Still, when I read Rudyard Kipling’s “Just So Stories” when I was young, the continent burrowed its way into my consciousness — and heart — and it became high on my list of places I’d like to travel to. At the top are Australia, New Zealand, and then parts of Africa, though to make the trek to any of these would take so long I would want at least a month there, and for the time being it’s not possible. Other spots include Seattle and Vancouver — these at least are at least accessible by car from San Francisco, which might save a bit of money (though looking at gas prices lately I’m not so sure) — and back to Europe, especially France and Italy. And Scotland. Oh, and Ireland, too, while I’m at it. Though it may take awhile, I know I’ll get to all these places someday (or at least I’ll make a good try).
[Redwood in the backyard, April 2008.]
In the meantime, there is Northern California and its unexpectedly warm days. I will never miss the humidity of the East Coast, but I do miss, sometimes, those mornings before the true heat of summer descends: with a light breeze, and sunny and warm through and through. This weekend here was reminiscent of that, and I went barefoot for nearly all of it. Sunday afternoon, I went to an old friend’s house perched above a little valley a ways back from town, and the trees were bursting with new greenery even as the hills we could see out their living room window were starting to brown a bit (already). We drank sparkling mineral water and complained about the hot weather, but I (perhaps not-so) secretly loved it. The only thing I could wish for here would be more weekends like that — and more time to enjoy them.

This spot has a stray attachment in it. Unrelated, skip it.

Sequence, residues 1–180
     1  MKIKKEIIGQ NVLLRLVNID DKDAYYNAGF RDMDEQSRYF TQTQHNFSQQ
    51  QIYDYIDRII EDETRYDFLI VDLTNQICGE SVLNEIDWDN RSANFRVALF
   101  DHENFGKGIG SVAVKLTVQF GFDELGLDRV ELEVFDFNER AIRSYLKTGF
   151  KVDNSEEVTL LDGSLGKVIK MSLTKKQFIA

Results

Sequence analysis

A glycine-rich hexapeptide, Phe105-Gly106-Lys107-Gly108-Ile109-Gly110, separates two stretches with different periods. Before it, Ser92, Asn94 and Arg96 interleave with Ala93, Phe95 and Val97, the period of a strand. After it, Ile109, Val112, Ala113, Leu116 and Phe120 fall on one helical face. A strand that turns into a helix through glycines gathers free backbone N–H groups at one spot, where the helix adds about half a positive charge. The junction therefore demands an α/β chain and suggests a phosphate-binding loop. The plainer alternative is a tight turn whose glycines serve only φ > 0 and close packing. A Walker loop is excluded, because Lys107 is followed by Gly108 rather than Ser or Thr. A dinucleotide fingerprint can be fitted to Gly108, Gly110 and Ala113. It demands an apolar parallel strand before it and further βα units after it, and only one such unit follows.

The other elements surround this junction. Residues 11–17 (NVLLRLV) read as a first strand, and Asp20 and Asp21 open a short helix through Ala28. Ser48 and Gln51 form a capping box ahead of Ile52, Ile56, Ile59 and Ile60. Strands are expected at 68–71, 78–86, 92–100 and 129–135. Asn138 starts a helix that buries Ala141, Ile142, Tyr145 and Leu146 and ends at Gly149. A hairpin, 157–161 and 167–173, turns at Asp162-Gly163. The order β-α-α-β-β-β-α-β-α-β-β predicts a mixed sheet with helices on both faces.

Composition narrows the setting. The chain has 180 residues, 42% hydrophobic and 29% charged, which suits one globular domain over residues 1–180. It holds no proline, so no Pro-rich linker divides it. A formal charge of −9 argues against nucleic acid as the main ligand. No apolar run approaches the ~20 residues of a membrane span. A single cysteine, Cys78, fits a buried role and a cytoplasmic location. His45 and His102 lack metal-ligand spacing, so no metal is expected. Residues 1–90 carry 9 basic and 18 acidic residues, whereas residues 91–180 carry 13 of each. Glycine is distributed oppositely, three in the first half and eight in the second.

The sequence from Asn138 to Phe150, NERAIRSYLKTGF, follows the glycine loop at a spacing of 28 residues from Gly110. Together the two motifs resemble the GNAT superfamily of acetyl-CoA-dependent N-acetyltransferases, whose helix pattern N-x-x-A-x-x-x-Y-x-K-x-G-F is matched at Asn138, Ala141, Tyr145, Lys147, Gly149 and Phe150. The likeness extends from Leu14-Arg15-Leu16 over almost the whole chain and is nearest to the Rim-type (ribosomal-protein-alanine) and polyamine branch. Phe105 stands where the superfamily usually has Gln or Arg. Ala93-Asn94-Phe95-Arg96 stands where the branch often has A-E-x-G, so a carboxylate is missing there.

Another lovely thing about this weekend was the lack of cooking on my part; yes, I did make a batch of cookies, and I did throw some asparagus in the oven for 15 minutes, but on the whole I was thoroughly spoiled. There was a Friday night dinner of spinach and mushroom quiche, with a big salad, a Saturday lunch of more of the same, and a dinner of pizza and pesto from the local pizza joint. Sunday morning breakfast consisted of home made french toast and strawberries, and lots of coffee and reading the paper, and for dinner, an interesting and delicious pasta dish with capers, lemon zest, raisins, and browned butter. There was a bit of wine, and ice cream, too.